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Book Author: Kelly Oliver

BETRAYAL AT RAVENSWICK by Kelly Oliver: Book Review

There’s a terrific internet site, American Book Review, that lists the best 100 opening lines (or paragraphs) of novels.  Number one, not surprisingly, is “Call Me Ismael.”  “It was the best of times, it was the worst of times…” is another that would appear on most rolls.

In Betrayal at Ravenswick, the first in a new series by Kelly Oliver, these are the first two sentences:  “I should have poisoned him.  If only I’d had the chance.”  Perhaps #101?

Fiona Figg is in a happy marriage, or so she thinks, until she decides to surprise her husband by taking him to lunch at an elegant London hotel.  Warning to readers:  such surprises are usually not a good idea, at least in mystery novels.  She catches said husband and his secretary in an extremely compromising position in his office, and Fiona tells him, “It’s her or me.  Take your pick.”  Second warning:  giving errant husband this ultimatum makes a bad situation worse.

Fiona is the head filing clerk at the War Office.  Set in 1916, in the midst of World War I and before the United States enters the war, Fiona has already made one or two suggestions that the men in the cryptography group found useful; in fact, before the book opens she had cracked a code that had stumped the men.  So when she suggests a way to explain how the War Office got encrypted information from the Americans without letting the Americans know that their code has been broken, something they are definitely loath to do, she is invited to join them as an “honorary consultant.”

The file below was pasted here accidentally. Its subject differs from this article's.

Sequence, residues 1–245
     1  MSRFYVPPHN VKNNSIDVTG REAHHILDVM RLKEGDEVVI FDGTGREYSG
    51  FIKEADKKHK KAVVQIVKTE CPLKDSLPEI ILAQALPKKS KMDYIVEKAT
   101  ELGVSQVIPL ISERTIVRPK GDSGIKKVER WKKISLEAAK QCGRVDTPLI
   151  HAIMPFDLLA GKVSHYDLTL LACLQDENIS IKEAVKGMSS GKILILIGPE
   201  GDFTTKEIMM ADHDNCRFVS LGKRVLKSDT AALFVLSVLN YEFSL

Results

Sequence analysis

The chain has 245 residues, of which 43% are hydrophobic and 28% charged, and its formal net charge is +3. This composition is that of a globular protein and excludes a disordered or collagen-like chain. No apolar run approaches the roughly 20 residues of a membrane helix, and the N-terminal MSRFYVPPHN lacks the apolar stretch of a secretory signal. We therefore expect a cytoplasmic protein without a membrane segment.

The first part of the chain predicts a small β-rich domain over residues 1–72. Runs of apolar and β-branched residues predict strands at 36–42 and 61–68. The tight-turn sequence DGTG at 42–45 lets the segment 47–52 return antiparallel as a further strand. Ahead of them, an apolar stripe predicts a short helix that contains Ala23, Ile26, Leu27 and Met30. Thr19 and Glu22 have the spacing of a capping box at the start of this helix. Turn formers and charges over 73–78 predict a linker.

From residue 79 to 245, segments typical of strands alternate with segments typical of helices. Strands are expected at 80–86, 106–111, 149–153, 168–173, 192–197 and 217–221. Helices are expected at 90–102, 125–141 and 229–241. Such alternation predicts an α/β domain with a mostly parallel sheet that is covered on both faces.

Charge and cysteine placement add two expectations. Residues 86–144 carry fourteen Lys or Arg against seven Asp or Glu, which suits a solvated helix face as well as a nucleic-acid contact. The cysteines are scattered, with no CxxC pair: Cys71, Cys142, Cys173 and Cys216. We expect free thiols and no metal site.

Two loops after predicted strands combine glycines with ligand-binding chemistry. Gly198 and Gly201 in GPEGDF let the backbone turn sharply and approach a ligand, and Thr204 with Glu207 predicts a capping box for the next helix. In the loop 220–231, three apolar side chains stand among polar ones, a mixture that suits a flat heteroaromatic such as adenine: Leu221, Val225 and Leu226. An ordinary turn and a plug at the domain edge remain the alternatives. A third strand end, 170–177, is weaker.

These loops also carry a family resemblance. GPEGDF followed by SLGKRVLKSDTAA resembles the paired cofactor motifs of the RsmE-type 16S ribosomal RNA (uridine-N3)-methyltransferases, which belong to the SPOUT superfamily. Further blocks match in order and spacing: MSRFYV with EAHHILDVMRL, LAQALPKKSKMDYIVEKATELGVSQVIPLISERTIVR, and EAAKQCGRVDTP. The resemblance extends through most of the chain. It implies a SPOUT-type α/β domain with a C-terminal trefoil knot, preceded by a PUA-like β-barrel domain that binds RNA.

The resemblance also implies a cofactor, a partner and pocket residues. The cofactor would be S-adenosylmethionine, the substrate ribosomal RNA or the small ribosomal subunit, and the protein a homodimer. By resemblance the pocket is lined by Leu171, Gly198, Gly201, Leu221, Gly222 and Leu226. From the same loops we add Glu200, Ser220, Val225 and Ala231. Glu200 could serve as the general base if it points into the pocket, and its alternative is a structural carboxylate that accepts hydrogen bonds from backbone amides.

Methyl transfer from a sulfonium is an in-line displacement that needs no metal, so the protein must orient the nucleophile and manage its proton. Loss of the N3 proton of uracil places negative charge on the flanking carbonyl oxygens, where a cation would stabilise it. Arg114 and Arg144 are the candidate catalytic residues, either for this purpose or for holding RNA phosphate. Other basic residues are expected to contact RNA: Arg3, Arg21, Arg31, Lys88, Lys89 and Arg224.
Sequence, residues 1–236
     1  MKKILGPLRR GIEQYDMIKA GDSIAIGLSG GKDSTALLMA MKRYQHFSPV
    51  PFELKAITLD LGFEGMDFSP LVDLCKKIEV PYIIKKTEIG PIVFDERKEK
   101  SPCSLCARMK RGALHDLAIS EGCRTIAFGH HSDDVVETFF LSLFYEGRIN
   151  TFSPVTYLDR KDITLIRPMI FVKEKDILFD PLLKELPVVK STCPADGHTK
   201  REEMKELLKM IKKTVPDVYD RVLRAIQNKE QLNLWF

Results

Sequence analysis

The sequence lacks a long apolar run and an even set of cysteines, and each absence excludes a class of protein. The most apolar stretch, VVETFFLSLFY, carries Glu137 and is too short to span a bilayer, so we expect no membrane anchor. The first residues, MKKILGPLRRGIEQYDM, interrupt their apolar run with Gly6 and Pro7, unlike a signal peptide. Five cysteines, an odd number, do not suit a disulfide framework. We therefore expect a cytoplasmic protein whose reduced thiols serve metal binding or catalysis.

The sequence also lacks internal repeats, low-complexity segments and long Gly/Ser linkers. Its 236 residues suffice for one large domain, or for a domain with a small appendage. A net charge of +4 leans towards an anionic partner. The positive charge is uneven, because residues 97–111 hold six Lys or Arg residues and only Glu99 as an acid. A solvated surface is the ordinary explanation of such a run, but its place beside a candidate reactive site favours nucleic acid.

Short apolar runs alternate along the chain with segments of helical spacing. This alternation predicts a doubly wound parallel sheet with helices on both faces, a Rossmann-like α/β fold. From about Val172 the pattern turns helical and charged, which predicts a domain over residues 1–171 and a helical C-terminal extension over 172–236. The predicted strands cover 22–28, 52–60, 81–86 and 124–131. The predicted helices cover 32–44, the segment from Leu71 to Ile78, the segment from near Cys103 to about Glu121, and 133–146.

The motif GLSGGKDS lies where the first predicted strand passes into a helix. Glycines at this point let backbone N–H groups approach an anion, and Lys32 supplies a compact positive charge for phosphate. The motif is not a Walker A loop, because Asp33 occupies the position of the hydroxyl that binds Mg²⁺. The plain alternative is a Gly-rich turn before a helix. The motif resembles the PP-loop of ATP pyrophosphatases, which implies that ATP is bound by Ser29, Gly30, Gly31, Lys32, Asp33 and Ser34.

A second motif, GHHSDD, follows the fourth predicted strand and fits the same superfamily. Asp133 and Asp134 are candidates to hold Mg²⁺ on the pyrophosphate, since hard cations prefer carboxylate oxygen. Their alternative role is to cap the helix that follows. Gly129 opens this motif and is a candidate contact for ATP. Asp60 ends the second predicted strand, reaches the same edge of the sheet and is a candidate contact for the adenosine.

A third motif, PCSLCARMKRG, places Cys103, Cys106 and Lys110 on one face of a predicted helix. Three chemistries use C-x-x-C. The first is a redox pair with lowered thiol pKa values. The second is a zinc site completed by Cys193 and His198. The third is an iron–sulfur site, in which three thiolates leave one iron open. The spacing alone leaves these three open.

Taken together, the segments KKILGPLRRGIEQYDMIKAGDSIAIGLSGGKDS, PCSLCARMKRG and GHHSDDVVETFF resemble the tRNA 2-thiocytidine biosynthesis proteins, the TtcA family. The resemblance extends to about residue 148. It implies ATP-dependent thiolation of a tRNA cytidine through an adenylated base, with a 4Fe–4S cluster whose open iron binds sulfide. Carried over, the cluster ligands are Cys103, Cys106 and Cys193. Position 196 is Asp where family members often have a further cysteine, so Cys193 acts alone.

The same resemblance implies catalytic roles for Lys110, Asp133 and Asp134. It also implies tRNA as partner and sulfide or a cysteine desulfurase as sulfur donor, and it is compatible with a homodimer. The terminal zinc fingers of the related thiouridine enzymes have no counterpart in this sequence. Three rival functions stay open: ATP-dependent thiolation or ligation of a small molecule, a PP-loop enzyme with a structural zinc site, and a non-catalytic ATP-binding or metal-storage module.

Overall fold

Five months after her marriage dissolves, Fiona gets the opportunity for a new start.  The men in the group are suspicious of a man purported to be a big game hunter and journalist who is on his way to visit a wealthy and titled Englishwoman and her family.  They can’t seem to find out very much about the background of the oddly-named Frederick Fredericks, and the agent who was supposed to tail him has broken his leg and is thus out of the picture.  Much to her own surprise, Fiona volunteers for the assignment, disguising herself as a male physician and entering the countess’ household.  In her younger days she had wanted to go on the stage, but she was told by her teacher that she would “never be an actress.”  Well, Fiona thinks, here’s her opportunity to prove Mrs. Benson wrong.

Betrayal at Ravenswick follows Fiona as she splits her time, first as “Dr. Vogel,” a specialist in poisons and female maladies, and also as a volunteer aide at Charing Cross Hospital, an arrival point for thousands of soldiers returning from the front.  The scenes of the wounded men are heartbreaking but beautifully written, and readers will feel as if they are on the wards, watching the doctors and nurses tending to the wounded.  Sulfur drugs and penicillin were years in the future, and the suffering of both the soldiers and those caring for them shows the pain and futility of war.

Kelly Oliver has introduced a smart and delightful heroine, one with enough self-confidence to take on a difficult and dangerous assignment but whose issues of low self-esteem, especially in light of her recent divorce, makes her totally human.  Fiona is a protagonist I would enjoy meeting again.

You can read more about Kelly Oliver at this website.

Check out the complete Marilyn’s Mystery Reads at her website.  In addition to book review posts, there are sections featuring Golden Oldies, Past Masters and Mistresses, and an About Marilyn column that features her opinions about everything to do with mystery novels.